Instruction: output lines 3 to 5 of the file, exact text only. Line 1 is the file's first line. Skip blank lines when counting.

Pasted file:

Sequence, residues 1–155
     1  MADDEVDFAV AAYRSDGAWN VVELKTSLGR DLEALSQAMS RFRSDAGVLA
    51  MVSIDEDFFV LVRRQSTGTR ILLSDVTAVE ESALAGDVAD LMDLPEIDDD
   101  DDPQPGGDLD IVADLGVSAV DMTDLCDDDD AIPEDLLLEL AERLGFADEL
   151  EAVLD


    51  MVSIDEDFFV LVRRQSTGTR ILLSDVTAVE ESALAGDVAD LMDLPEIDDD
   101  DDPQPGGDLD IVADLGVSAV DMTDLCDDDD AIPEDLLLEL AERLGFADEL
   151  EAVLD